April 24, 2019

Event in Cortlandville introduces veterans to services

Shenandoah Briere/contributing photographer

Ruth O’Lill, a quantum touch practitioner with Healers on Wheels of Homer, presses her hands into Vietnam veteran John Vandenburg’s shoulder as a passing of energy meant to relieve pain. O’Lill was one of several resources at a National Vietnam Veterans Day event Friday at the CNY Living History Center in Cortlandville.

More than 30 Vietnam vets walked around the Central New York Living History Center on Friday checking out the Brockway trucks, talking to resources like Veterans Affairs and eating a lunch.

“It’s so special to see all of you out today,” center Director Cindy Stoker said in a welcoming them on National Vietnam Veterans Day.

After the quick introduction, John Vandenburg, who was an Army Ranger when he served in Vietnam from 1968 to 1971, made his way over to Ruth O’Lill, a quantum touch practitioner with Healers on Wheels in Homer. O’Lill began pressing her hands into Vandenburg’s shoulder gently warming it up. The process, O’Lill said helps relieve pain.

O’Lill, a teenager during the much of the war, said she felt the need to have a table at the event about her services.

“These are my guys,” she said. “I think these guys are great.”

Vandenburg said he decided to come to the event after being told by several friends about it.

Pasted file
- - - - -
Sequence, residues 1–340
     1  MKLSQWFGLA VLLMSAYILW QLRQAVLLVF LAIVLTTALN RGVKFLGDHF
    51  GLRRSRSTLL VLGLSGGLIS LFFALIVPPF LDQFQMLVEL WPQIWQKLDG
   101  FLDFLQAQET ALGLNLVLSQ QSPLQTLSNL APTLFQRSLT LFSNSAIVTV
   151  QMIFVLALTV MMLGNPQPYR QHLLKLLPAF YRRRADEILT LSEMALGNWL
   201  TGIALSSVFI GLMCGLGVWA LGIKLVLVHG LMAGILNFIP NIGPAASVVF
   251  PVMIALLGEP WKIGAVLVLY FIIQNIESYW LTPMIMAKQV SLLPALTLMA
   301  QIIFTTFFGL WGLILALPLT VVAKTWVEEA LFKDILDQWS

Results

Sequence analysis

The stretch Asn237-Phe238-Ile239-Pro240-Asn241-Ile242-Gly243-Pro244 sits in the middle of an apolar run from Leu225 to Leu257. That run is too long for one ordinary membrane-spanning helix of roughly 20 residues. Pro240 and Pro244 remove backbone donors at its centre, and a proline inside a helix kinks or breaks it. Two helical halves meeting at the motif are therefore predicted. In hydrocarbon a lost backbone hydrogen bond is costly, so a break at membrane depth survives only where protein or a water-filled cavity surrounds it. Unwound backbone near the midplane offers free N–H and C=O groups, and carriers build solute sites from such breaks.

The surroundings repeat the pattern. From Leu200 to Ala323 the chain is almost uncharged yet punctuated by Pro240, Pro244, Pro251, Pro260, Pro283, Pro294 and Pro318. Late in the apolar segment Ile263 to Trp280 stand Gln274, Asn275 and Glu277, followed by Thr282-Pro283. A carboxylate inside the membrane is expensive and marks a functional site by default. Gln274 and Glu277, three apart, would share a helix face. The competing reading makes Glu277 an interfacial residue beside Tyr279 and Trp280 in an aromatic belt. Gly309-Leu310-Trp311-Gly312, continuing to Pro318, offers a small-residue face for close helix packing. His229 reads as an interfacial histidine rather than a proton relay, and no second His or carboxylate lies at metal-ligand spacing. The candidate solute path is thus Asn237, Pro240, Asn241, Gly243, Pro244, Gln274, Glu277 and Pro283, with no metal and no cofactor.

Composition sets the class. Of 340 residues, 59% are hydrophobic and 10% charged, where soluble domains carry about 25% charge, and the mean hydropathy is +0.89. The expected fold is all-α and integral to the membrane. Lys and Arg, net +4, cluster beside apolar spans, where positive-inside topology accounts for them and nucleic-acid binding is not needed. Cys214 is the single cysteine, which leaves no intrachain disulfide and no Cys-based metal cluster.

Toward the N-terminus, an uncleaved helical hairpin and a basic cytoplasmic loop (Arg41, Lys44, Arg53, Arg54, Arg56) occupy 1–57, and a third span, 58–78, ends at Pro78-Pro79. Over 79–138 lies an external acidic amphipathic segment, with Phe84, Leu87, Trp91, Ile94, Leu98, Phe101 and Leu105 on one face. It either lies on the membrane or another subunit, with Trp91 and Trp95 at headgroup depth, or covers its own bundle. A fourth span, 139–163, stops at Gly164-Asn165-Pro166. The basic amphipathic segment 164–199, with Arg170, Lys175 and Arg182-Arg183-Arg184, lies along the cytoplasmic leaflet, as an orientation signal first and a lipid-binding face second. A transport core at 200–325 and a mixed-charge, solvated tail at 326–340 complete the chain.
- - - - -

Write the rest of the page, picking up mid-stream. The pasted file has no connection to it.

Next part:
“Of all the things they’ve done over the years, this is the first one I went to,” he said.

He said an event like the one at the center was “50 years past due.”

Jennifer Menard, the outreach coordinator for the U.S. Department of Veterans Affairs in Syracuse, worked a table answering any questions vets had about the organization.

She said some of the biggest problems vets face are medical — their access to medical care and experiences they’ve had overseas, including being affected by Agent Orange.

She said the VA tries to improve access to medical care by having clinics, the closest to Cortland is one in Freeville, which can provide primary care and lab work. She also said the VA has care teams that work with the patient to help assess their life and set goals.

“We are making the programs work for veterans,” Menard said.

Roger Karn, who served from 1970 to 1971 in the Army, struck up a conversation with Russ Carr, an intern for Clear Path for Veterans, about the programs the organization offers.

One program caught Karn’s attention — the canine program.

“Anything to do with dogs, I’m interested in that,” he said.

Karn said he was pleased at the event after deciding to check it out to see what was being offered.

“I think this brings a lot of attention to us,” he said.

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